Clarify
It is not a bad idea to draft a provision mentioning each child you wish to cut out of the Will. Name and identify each one and specify that they are to receive nothing, although some states require you to leave each child a token amount, such as $1. It is a very bad idea to fail to mention the child you wish to disinherit. Do try to avoid derogatory language and clearly state your position and concerns. Be cautious though. If your explanation is not well written it could be used as a means to challenge the will. A good estate planning attorney will know the rules of your estate and can help you create the proper documents.

No Contest Clause
No contest clauses in estate planning disinherit an individual if they contest or object to a Trust or Will or any of its provisions, restrictions or conditions. Such a clause should be included in a Will and/or Trust to protect the estate plan no matter what. When you are going to disinherit a child, it is a must.
People using to think leaving a $1 will work as an effective disinheritance. That is not such a good idea. It is probably better to leave a higher value to discourage any contest.

Avoid inadvertent disinheritance
Without a proper estate plan or Will, you can inadvertently disinherit children. For instance, you’ve married a second time and die intestate (without a Will or estate plan). It is possible that the community property laws in your state may take over and your second wife inherits everything, when you actually wanted the children of your first marriage to inherit.

Gregory C. Poulos
Poulos Law Firm, PLLC
11120 N. Tatum Blvd, Suite 101
Phoenix, Arizona 85028
Phone: (623) 252-0292
www.pouloslawfirm.com

Build Your Estate Planning Team

Estate Planning is a process – not a transaction! There are many moving parts in your plan that need to be coordinated to get the most benefit you can. That’s why you should put together and work with a team of estate planning advisors to help you get it right. Many people already have these advisors in place, but often they are not used in a team environment. That is a lost opportunity for you.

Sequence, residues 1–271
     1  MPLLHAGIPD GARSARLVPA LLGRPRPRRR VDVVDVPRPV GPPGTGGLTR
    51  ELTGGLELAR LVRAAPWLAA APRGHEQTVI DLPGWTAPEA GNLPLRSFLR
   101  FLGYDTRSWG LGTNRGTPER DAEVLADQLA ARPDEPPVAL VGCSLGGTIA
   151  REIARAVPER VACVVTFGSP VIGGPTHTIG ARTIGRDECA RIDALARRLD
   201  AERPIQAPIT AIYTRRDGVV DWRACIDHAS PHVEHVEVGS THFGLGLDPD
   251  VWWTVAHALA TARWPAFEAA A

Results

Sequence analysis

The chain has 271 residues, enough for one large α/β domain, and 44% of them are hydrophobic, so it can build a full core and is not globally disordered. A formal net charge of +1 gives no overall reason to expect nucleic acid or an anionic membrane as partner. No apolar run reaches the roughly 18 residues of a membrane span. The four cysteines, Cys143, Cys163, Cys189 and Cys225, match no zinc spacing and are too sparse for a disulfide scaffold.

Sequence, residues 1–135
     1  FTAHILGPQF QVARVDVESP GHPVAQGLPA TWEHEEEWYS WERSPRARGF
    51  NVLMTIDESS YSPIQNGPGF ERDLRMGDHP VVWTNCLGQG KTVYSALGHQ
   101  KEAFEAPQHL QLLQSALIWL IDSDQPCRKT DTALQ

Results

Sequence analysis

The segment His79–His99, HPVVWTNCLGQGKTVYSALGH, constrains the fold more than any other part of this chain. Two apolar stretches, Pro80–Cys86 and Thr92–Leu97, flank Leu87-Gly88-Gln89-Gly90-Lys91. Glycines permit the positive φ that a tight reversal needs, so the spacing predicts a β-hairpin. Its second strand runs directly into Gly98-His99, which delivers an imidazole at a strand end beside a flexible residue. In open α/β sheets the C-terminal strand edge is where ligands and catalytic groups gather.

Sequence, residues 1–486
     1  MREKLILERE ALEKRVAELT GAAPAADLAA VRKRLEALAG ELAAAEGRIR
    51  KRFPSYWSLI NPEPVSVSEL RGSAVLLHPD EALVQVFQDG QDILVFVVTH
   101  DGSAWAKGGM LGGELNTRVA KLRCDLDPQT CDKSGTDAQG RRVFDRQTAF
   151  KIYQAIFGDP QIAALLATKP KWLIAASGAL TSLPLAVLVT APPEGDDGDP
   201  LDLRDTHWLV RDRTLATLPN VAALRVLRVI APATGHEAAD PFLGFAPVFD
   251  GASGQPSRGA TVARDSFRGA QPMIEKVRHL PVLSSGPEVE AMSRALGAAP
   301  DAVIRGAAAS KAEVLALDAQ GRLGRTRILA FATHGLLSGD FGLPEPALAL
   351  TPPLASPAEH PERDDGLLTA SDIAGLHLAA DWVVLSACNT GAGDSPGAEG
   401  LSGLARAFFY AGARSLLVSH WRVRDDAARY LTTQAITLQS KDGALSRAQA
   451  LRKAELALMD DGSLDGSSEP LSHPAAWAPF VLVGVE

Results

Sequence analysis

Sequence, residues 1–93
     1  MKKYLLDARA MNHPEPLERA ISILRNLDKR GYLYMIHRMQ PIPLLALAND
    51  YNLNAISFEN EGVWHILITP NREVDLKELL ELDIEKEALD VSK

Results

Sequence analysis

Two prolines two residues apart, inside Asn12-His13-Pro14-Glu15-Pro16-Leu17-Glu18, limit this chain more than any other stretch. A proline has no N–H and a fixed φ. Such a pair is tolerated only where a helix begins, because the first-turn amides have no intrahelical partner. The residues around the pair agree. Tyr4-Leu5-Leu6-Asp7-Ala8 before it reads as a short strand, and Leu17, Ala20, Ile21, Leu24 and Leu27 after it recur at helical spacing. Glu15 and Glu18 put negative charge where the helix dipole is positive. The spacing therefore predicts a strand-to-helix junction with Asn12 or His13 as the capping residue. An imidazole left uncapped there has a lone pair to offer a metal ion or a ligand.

Your Attorney
First, of course, you should select an estate planning attorney. The attorney should have a solid reputation and years of estate planning experience. The attorney should also have an appreciation for being part of your “team” and not operate in a vacuum. Then you need to involve other advisors like your financial planner, accountant, banker, insurance agent or broker, and perhaps your religious advisors. These team members should mesh well together to make sure your estate plan is coordinated on all levels. If one advisor is not focused on collaborating with the others, then it might be time to find someone who is a team player. More and more, professionals in these fields are open to the synergy created by an estate planning team, so you shouldn’t have to settle for someone who won’t play well with others.

Why Involve Your Accountant
Accountants are not just for taxes. An accountant has information essential to the selection of the appropriate estate planning techniques for you, such as the your present and prospective net worth, asset mix, present and future cash flow needs and family concerns (both financial and nonfinancial) i. In addition, accountants regularly have access to your personal information to determine whether you are complying with estate plans once it is put into place and whether you are or are not taking action inconsistent with the estate plan.

Why Involve Your Banker, Insurance Agent and Financial Advisor
It is vital that you have not only a strong estate plan, but have your finances and assets secured as well. Bankers, Financial planners and Insurance agents should work hand in hand with estate planning attorneys to make sure your goals are consistent and can be carried out in the way you expect them to. All three of these professionals will provide important information to your estate planning attorney. That information might include things like the nature of your investments, insurance coverage and information about the beneficiaries or your policies, the value of retirement accounts and annuities, and much more. They mainly ensure that your accounts are properly funded into your Trust, and ensure that you comply with all current laws.

Why Involve Your Family